FREETOWN/MONROVIA (dpa) – Suliaman Turay diligently set aside a portion of his salary each month for more than a decade, until he had saved enough for the pilgrimage to Mecca.
The school teacher from Sierra Leone was finally going to fulfil his ambition this year, the trip of a lifetime.
But an Ebola outbreak that has killed more than 3,000 people across West Africa thwarted his plans. Saudi Arabia suspended the visas of 7,200 pilgrims from Guinea, Sierra Leone and Liberia, the three countries most affected by the deadly epidemic.
“Already, we are suffering because of the outbreak. Instead of showing us their sympathy, the Saudi government is making the situation even worse for us,” Turay said.
“I have planned this trip my whole life, saving the little money I have. Now all my efforts are wasted. Ebola has killed my dreams,” lamented the 35-year-old who lives in the capital, Freetown.
Saudi authorities said they needed to do avoid the risk of Ebola reaching the holy city. Some 3 million Muslims from all over the world converge in Mecca for the haj pilgrimage each year.
The streets are hot and crowded, with an average daytime temperature of 40 degrees Celsius. Ebola, which causes massive haemorrhaging and has a high fatality rate, is transmitted through contact with blood and other body fluids, including perspiration.
Anger and disappointment about the travel ban can be felt across Sierra Leone, where more than 70 per cent of the country’s six million people profess the Muslim faith.
The government pleaded with Saudi Arabia to lift the ban. Officials went as far as proposing to test each pilgrim for Ebola before departure – but Saudi officials stuck to the visa suspension.
“The Saudi government should have found a way to help us fellow Muslims to perform our obligations to Allah. But they abandoned us. Ebola has taken everything away from us, including our religious practices,” said Sheik Lamin Juana, 55, the imam of Fathil Islamic Mosque in Freetown.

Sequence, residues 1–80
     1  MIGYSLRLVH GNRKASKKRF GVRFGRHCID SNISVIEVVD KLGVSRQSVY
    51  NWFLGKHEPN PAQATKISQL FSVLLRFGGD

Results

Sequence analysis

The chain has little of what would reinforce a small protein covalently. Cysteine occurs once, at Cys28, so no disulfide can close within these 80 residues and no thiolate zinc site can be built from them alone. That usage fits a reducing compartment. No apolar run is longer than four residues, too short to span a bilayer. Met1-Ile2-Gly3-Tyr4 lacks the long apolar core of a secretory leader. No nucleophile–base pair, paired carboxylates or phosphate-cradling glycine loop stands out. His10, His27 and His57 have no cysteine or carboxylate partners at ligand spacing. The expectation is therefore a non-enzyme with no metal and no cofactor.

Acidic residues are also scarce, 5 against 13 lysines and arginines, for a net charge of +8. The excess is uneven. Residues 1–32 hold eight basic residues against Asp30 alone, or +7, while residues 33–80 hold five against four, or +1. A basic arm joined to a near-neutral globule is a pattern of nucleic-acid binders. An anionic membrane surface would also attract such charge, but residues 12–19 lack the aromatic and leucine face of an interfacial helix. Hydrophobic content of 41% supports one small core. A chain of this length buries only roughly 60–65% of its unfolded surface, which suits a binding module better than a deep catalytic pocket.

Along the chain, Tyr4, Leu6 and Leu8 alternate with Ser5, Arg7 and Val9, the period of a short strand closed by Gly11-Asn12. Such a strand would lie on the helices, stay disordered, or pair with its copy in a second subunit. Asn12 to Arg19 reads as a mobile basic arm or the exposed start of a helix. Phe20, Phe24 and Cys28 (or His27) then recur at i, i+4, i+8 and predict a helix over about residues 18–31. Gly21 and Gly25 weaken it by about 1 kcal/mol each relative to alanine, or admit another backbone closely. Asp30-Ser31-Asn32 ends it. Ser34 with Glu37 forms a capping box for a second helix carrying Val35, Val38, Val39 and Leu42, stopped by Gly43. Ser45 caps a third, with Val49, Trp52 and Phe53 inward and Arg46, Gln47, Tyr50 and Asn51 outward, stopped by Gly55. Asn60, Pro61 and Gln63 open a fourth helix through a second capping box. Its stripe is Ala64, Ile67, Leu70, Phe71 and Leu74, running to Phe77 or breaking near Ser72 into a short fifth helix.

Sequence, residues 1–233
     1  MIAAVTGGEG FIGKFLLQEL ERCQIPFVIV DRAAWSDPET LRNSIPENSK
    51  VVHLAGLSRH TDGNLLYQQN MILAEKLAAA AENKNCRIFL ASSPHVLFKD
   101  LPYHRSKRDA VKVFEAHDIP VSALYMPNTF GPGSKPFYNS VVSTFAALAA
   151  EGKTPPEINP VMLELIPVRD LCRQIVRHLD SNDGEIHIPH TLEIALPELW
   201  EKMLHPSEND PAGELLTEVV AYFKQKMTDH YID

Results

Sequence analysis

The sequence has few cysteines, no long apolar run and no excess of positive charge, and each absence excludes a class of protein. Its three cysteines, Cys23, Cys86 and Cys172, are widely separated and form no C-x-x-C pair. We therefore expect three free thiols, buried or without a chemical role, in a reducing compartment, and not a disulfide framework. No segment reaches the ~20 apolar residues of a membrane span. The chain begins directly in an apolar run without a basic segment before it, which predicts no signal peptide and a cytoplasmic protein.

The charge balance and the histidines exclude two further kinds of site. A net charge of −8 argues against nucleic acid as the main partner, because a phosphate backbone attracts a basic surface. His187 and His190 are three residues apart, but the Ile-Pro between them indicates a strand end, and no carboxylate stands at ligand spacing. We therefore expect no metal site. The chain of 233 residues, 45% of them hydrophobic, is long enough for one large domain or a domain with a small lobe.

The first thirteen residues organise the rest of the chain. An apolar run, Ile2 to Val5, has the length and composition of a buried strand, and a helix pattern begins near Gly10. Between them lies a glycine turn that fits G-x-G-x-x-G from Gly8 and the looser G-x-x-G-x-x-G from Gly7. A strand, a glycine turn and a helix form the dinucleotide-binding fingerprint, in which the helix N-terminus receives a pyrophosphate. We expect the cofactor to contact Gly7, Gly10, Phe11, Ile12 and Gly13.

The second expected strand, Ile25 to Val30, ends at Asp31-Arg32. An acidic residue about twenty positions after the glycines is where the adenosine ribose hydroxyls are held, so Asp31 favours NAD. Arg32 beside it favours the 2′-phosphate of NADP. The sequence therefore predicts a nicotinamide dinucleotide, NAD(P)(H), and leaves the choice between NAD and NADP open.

“We are now praying to be able to perform the Haj next year,” said the imam, who also had his trip cancelled this year.
In neighbouring Guinea, where the Ebola outbreak was initially triggered by a two-year-old “patient zero” in December, angry Muslims also blame the government for not applying enough pressure to Saudi Arabia.
“Our government should have convinced Saudi authorities that it was possible to put in place screening devices at airports to detect suspect cases,” Siradio Diallo, who had intended to perform the haj this year, said in the capital Conakry.
In Liberia, the National Muslim Council tried to give the travel ban a positive spin by calling it “the will of Prophet Mohammed,” to protect Muslims from other nations from contracting the virus.
“Ebola is a very dangerous disease. It was the right decision to suspend visas as a precautionary measure. We must not endanger the guests of God who come from all around the world,” council chairman
Sheikh Kafumba Konneh told dpa. Muslims from Nigeria and Senegal, meanwhile, count themselves particularly lucky this year since Saudi Arabia issued visas despite small Ebola outbreaks in each nation.
Nigeria reported 20 confirmed or probable cases, of which eight people died, while Senegal recorded one Ebola death.
Health checks were extremely tight at airports across Nigeria, which sent off about 76,000 pilgrims in September.
Travellers who were boarding for Saudi Arabia had to undergo three different health screenings at a special haj departure area at the Murtala Mohammed International Airport in Lagos.
Africa’s most-populous nation was going to ensure “no Ebola case is exported, but also not imported,” Health Minister Onyebuchi Chukwu said.